Most carriers still in business in 2005 have made substantial investments in information technology and wireless communications along the way. The money has been spent, the systems are in place and data is flowing like a cresting river through the organization. The question plaguing some executives now is: Is this it? Is this as far as our technology can take us? Or can we do something else to leverage

Most carriers still in business in 2005 have made substantial investments in information technology and wireless communications along the way. The money has been spent, the systems are in place and data is flowing like a cresting river through the organization. The question plaguing some executives now is: “Is this it? Is this as far as our technology can take us? Or can we do something else to leverage our existing investment, to realize more benefits from we already have?”

For many companies, that something else is implementing and using a business dashboard. “Today, much of the investment in information technology has already been made. A dashboard is really one of the final pieces of the puzzle,” observes Ted Wilson, vp-sales and marketing for California-based SL Corp., a provider of software solutions for the monitoring and display of real-time information.

“A dashboard allows companies to leverage their investment in information technology to make it more effective,” he explains. “We're seeing much more interest in dashboards in the last few quarters from companies in every industry that are eager to get better visibility into the information they already have.”


The power of dashboards as business tools comes from two key features: the ability to aggregate and display lots of data in easy-to-read and use graphic displays, and the ability to do so in real time, continuously, all day every day. Imagine being able to watch gauges on your computer screen that show you information such as the number of idle trucks you have right now, the average revenue per lane, or your empty miles and you begin to get a feel for what a dashboard can bring to daily fleet operations and strategic planning.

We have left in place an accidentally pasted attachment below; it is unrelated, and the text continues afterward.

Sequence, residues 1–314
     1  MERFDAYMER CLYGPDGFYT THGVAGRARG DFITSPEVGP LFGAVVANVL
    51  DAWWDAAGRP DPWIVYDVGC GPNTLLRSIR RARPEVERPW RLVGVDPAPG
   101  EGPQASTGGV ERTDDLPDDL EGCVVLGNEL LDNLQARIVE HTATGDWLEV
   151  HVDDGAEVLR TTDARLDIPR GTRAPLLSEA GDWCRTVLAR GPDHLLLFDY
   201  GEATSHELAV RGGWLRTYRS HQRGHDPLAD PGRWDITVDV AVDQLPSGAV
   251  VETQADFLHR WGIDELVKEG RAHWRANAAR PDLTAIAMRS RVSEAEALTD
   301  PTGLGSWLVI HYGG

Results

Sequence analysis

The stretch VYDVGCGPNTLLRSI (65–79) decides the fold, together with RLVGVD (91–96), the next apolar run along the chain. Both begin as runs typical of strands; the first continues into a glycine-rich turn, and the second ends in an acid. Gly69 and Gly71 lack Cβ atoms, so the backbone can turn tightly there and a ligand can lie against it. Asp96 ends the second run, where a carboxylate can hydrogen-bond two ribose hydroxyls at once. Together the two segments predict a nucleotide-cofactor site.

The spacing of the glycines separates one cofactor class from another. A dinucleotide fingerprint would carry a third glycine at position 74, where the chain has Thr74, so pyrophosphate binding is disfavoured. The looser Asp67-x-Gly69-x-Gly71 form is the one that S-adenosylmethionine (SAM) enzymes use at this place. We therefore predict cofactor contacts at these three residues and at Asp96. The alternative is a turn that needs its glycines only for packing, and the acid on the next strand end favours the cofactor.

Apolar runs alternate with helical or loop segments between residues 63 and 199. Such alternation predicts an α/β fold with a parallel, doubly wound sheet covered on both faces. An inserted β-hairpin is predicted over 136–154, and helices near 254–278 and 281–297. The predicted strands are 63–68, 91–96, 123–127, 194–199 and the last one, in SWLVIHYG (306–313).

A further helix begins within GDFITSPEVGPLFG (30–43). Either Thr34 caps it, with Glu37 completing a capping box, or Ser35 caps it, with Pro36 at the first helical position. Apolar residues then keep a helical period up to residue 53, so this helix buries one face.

Suppose, for example, that two competing fleets each happen to accept a load on the same day for which no rate has been agreed upon. In each case, the load is from a regular customer and the problem is simply an administrative oversight: Someone forgot to confirm already established rates. At Fleet A, the load is picked up and delivered on time with no problems, but the customer calls with a complaint when the invoice arrives. “I am sure you said that fuel surcharge was going away,” the customer says. “I want it deleted. And our rates for Q1 were supposed to stay at prior-year levels. I'm sure that was what we talked about the other day. We expect you to make the appropriate adjustments to this invoice before we process it for payment.”

At Fleet B, a manager sees a message pop up on the computer screen that same morning concerning a load just booked. The dashboard system they recently implemented includes a warning function for certain events, and trips accepted without an assigned rate are one such event. She picks up the phone and calls the planner. “That load out of Chicago you just assigned — did you confirm the rate with the customer? You didn't? Well, mistakes happen. Lucky we caught it before the driver left. Thanks for taking care of it right away.”

The example is a small thing, but it illustrates the visibility and velocity dashboards can bring to business processes and decisions. Fleets A and B each had all the information in their respective IT systems to identify and handle the oversight, but the dashboard enabled Fleet B to spot the problem and correct it before the trip even started.